Portugal’s government bonds advanced, with 10-year yields dropping below 5% for the first time since August 2010, as a recovery in the region’s most indebted economies attracted investors.
The nation’s February 2024 securities rose for an eighth day, improving the prospect it will regain full market access as the end of its €78bn rescue programme from the European Union and International Monetary Fund approaches. Ireland’s bonds rallied for a fifth day after Moody’s Investors Service raised its credit rating on the nation to investment grade last week. Spanish and Italian bonds declined.
“The ratings have held up and the country is now self- financing,” Steven Major, head of global fixed-income research at HSBC Holdings Plc in London, said on Bloomberg Television’s “The Pulse” in an interview with Anna Edwards. “There’s a hunt for yield and once the Irish bonds are too expensive, money then goes into Portugal. There’s this virtuous circle.”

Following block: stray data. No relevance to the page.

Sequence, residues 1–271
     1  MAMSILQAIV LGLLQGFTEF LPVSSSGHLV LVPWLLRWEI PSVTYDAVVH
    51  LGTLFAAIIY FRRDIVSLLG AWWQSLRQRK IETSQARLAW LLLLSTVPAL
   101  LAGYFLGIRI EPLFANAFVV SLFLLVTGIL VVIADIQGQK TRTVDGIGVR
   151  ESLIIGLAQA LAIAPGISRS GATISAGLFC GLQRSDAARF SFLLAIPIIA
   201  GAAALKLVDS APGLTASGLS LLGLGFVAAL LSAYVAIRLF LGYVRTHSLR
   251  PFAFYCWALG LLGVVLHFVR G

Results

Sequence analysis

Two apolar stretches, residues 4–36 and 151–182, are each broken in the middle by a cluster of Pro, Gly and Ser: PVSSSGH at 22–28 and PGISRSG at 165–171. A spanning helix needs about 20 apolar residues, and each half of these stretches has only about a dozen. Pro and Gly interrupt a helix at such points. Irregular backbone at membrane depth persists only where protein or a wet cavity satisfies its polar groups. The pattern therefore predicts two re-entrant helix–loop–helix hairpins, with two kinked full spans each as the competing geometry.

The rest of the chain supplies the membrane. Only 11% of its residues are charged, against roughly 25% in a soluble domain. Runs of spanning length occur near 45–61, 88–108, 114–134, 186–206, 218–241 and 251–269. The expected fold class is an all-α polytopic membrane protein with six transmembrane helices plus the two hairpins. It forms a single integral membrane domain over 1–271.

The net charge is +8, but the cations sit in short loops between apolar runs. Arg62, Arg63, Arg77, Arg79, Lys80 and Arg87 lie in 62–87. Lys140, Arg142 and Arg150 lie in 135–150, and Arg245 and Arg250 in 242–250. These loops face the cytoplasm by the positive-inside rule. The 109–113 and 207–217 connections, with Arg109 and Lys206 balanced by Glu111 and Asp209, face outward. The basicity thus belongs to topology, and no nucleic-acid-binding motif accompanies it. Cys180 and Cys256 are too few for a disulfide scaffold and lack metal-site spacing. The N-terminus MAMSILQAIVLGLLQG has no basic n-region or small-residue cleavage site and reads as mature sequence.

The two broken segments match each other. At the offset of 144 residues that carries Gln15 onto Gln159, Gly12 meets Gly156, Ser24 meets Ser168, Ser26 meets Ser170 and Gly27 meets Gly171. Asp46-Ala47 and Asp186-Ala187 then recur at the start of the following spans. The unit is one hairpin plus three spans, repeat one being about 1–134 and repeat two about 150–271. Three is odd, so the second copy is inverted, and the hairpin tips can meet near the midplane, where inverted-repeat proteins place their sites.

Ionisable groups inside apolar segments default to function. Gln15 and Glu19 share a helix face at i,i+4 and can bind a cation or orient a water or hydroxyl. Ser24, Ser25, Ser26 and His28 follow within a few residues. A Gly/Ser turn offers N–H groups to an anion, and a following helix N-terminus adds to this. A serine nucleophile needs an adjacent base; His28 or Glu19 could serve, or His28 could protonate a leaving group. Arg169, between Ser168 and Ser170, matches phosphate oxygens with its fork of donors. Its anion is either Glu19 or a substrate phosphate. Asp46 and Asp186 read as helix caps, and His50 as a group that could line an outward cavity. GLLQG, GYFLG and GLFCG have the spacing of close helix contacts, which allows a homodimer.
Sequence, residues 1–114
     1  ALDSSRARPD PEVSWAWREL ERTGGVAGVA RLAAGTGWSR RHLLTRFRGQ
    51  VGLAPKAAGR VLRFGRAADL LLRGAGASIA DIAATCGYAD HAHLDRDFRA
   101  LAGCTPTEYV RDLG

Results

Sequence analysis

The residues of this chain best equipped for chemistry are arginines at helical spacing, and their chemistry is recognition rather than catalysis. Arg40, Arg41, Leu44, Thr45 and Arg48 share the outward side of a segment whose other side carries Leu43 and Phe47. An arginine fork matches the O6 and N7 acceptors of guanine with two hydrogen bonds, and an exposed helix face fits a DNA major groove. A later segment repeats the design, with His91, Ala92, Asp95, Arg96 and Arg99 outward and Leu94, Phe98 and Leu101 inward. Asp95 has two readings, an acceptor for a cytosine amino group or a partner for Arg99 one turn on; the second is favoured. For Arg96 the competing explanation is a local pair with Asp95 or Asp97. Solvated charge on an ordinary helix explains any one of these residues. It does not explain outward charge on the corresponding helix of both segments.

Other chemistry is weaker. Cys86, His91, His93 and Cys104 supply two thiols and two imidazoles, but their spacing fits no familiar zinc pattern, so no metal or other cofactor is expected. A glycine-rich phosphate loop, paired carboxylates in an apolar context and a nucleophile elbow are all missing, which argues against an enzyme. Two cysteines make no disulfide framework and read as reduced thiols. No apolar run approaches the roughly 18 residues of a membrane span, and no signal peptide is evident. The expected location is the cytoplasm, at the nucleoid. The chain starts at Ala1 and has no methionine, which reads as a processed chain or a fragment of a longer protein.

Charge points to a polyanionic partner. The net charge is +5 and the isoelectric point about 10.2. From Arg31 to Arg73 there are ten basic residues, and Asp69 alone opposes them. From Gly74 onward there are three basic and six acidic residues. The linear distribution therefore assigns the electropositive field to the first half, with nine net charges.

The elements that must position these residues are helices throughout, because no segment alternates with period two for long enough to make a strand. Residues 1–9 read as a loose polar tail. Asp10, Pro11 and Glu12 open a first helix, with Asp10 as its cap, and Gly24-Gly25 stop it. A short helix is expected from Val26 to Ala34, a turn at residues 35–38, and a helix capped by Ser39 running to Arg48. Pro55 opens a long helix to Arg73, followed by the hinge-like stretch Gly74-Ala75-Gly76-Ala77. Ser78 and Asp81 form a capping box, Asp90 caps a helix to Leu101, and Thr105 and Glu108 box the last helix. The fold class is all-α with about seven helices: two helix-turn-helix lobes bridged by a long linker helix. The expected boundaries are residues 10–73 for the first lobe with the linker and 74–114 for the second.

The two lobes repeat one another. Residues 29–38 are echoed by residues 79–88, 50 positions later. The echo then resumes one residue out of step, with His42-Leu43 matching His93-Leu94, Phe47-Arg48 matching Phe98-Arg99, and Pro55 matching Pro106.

Portugal’s 10-year yield fell three basis points, or 0.03 percentage point, to 5.08% at 3:05pm London time after dropping to 4.95%, the lowest level since June 2010. The 5.65% bond due in February 2024 rose 0.22, or 2.20 euro per 1,000-euro face amount, to 104.385.
Bond yields in the euro area’s peripheral nations are falling as their economies recover from the debt crisis that pushed borrowing costs up to records. Portugal’s 10-year yield has dropped from 18.29% in January 2012. Ireland’s bonds returned more than 100% since Moody’s stripped it of its investment-grade rating in July 2011.
Ireland’s 10-year yield was little changed at 3.24% after dropping to 3.21%, the lowest level since October 2005. Spain’s 10-year bonds snapped a five-day advance amid speculation the nation will sell a new security through banks.
The Spanish Treasury will probably issue €6 billion of a new 10-year benchmark this week, Joakim Tiberg, a strategist at UBS AG in London, wrote in an e-mailed note.
Spain’s 10-year yield rose four basis points to 3.73% after dropping to 3.64% yesterday, the lowest level since September 2006. Italy’s 10-year rate climbed three basis points to 3.82%.
Volatility on German bonds was the highest in euro-area markets yesterday, followed Ireland and Spain, according to measures of 10-year debt, the yield spread between two-year and 10-year securities and credit-default swaps.
Portugal’s bonds returned 13% in the past year through yesterday, the second best performer after Greece of 15 euro-area debt markets tracked by Bloomberg World Bond Indexes. Ireland’s securities earned 12%, while German bonds rose 0.2%.
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